A $1 million sponsor of the gala, Vinod Gupta, said he also donated the "maximum" legal amount he could to Mrs. Clinton's Senate campaign.
Mr. Gupta, founder of INFOusa, a company that sells computerized mailing lists, said he thinks he donated $1,000 but that it may have been $2,000. He also said he plans to hold a fund-raiser for Mrs. Clinton.
Individuals can give a candidate's own committee $1,000 for the primary election and another $1,000 for the general election. But the two joint fund-raising committees set up for Mrs. Clinton's race can collect unlimited "soft money" from corporations. Soft money the unlimited donations parties can receive for so-called "party-building" activities has already paid for TV ads featuring Mrs. Clinton.
"New York Democratic Victory 2000," a joint fund-raising committee of Mrs. Clinton's committee and the Democratic National Committee, will not file its first report until Jan. 31.
Mr. Gupta sat at President Clinton's table at the New Year's gala, where they dined on truffle-marinated rack of lamb, beluga caviar, lobster and foie gras. They were joined by Mr. McAuliffe, Elizabeth Taylor, Sophia Loren, and several others.
Also seated with Mr. Clinton was Walter Shorenstein, who was just named in a new book, "The Buying of the President 2000," as one of the Democratic Party's top 50 "soft money" patrons. Daniel Abraham, who made a $1 million tax-deductible donation for the year-2000 extravaganza and heads the Florida-based Slim-Fast Foods and the New-York based Thompson Medical Co., was also at the president's table.
Mr. Abraham made Mother Jones magazine's list as one of the country's top 10 political donors. Active on behalf of Israeli causes, he could help Mrs. Clinton win over the important Jewish vote in New York.
Mrs. Clinton headed her own table at the gala. She sat with Mr. Rivera and Mr. Schwartz, whose foundation helped sponsor the event, along with actors Robert De Niro and Lynda Carter.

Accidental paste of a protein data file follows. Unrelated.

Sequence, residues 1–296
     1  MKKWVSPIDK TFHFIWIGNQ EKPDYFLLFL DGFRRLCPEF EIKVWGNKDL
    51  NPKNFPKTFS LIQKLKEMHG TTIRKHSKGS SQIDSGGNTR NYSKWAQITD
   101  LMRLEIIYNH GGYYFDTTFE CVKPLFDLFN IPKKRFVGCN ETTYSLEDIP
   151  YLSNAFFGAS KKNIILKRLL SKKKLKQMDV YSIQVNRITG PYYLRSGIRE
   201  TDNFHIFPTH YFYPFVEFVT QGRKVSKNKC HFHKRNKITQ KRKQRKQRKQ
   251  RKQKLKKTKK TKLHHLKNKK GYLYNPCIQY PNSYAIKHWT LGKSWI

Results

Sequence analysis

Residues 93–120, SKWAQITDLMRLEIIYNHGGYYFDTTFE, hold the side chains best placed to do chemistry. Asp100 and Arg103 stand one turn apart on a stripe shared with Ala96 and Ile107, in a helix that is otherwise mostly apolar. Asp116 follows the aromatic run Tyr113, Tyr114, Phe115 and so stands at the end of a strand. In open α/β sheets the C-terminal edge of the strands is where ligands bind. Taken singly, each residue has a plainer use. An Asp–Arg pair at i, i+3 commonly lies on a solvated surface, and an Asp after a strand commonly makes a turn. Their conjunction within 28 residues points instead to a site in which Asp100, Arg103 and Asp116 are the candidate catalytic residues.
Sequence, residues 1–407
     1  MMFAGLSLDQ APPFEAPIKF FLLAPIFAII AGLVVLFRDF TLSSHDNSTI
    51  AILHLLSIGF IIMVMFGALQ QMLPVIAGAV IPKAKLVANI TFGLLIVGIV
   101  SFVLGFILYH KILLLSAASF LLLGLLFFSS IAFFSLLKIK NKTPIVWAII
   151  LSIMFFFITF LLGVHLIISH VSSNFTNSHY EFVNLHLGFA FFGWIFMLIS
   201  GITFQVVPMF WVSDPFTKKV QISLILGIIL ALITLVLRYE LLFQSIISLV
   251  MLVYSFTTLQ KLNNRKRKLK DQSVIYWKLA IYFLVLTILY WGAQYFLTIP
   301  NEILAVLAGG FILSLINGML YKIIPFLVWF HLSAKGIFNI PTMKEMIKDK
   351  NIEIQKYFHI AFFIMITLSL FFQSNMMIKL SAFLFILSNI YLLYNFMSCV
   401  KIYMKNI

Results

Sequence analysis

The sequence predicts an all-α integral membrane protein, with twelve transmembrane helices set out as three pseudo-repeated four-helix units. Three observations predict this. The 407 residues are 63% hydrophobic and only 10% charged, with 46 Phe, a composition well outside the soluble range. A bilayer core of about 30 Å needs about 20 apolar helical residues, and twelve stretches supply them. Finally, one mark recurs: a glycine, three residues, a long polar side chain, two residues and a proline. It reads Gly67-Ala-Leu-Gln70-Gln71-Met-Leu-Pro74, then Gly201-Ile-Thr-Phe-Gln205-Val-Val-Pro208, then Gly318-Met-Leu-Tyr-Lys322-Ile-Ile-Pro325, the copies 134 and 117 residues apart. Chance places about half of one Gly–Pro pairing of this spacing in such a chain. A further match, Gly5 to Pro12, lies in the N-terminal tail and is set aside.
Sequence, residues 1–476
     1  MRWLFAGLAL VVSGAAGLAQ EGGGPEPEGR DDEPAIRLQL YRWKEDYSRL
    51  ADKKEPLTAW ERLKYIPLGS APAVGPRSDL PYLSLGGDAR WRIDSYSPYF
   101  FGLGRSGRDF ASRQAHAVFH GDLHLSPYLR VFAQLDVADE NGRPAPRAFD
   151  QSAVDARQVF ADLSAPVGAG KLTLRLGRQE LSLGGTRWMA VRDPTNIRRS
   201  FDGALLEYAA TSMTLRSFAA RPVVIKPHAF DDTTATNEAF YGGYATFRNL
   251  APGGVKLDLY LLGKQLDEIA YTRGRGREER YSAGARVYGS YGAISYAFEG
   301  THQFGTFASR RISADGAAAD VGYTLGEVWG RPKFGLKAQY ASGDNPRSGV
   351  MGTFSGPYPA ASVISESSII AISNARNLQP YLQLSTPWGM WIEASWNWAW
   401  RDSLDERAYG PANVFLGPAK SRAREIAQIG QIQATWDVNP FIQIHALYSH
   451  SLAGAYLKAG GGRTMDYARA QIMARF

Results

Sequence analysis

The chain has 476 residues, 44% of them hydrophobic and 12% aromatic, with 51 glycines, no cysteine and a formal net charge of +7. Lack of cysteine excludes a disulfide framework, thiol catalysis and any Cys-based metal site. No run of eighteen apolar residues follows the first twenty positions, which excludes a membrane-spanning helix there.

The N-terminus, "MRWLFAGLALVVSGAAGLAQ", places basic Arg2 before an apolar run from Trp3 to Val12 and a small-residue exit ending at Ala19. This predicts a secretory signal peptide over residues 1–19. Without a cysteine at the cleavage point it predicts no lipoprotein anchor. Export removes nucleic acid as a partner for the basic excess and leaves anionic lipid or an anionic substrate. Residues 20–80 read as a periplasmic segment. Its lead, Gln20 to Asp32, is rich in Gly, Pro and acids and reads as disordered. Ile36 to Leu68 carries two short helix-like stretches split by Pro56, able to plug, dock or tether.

One of the guests who also contributed to Mrs. Clinton's joint committee was Washingtonian Liz Robbins, who donated $5,000. Agnes Gund, president of New York's Museum of Modern Art, donated $20,000 to the committee and was also a major sponsor a "vice chair" of the year-2000 extravaganza. Her financial assistant, Patricia Lazak, represented her at the White House soiree.
Walter Kaye, whose $330,000 in donations to the Democratic Party helped Monica Lewinsky gain a White House internship, also attended. His name does not appear on campaign finance reports filed to date and he did not return calls.
Although Mrs. Clinton named virtually all of the 288-plus guests at the New Year's dinner, she declined through her spokesman to disclose the names of the roughly 700 additional partygoers who mingled with celebrities and other luminaries at the White House disco-type party later that night.
Her spokesman Toby Graff said Mrs. Clinton typically does name the "thousands and thousands" of friends, supporters, politicians, media and others who attended the year's 11 White House holiday parties.
Florida businessman Paul McCarthy moved to Washington for six months to direct the public and private festivities that made up the "America's Millennium" celebration. The group was formed by the White House Millennium Council, a cultural history project Mrs. Clinton has directed since she and President Clinton created it in 1997.
Mr. McCarthy said a decision will soon be made whether $15 million raised for the extravaganza will cover the costs of the White House party.
Representatives from the White House, the Smithsonian Institution and the National Park Service will decide on that after the expenses are tallied at the end of this month. The tax-deductible donations were handled by the National Park Foundation, the agency's nonprofit fund-raising arm.
Researchers John Sopko and Jae Dell Smith contributed to this report.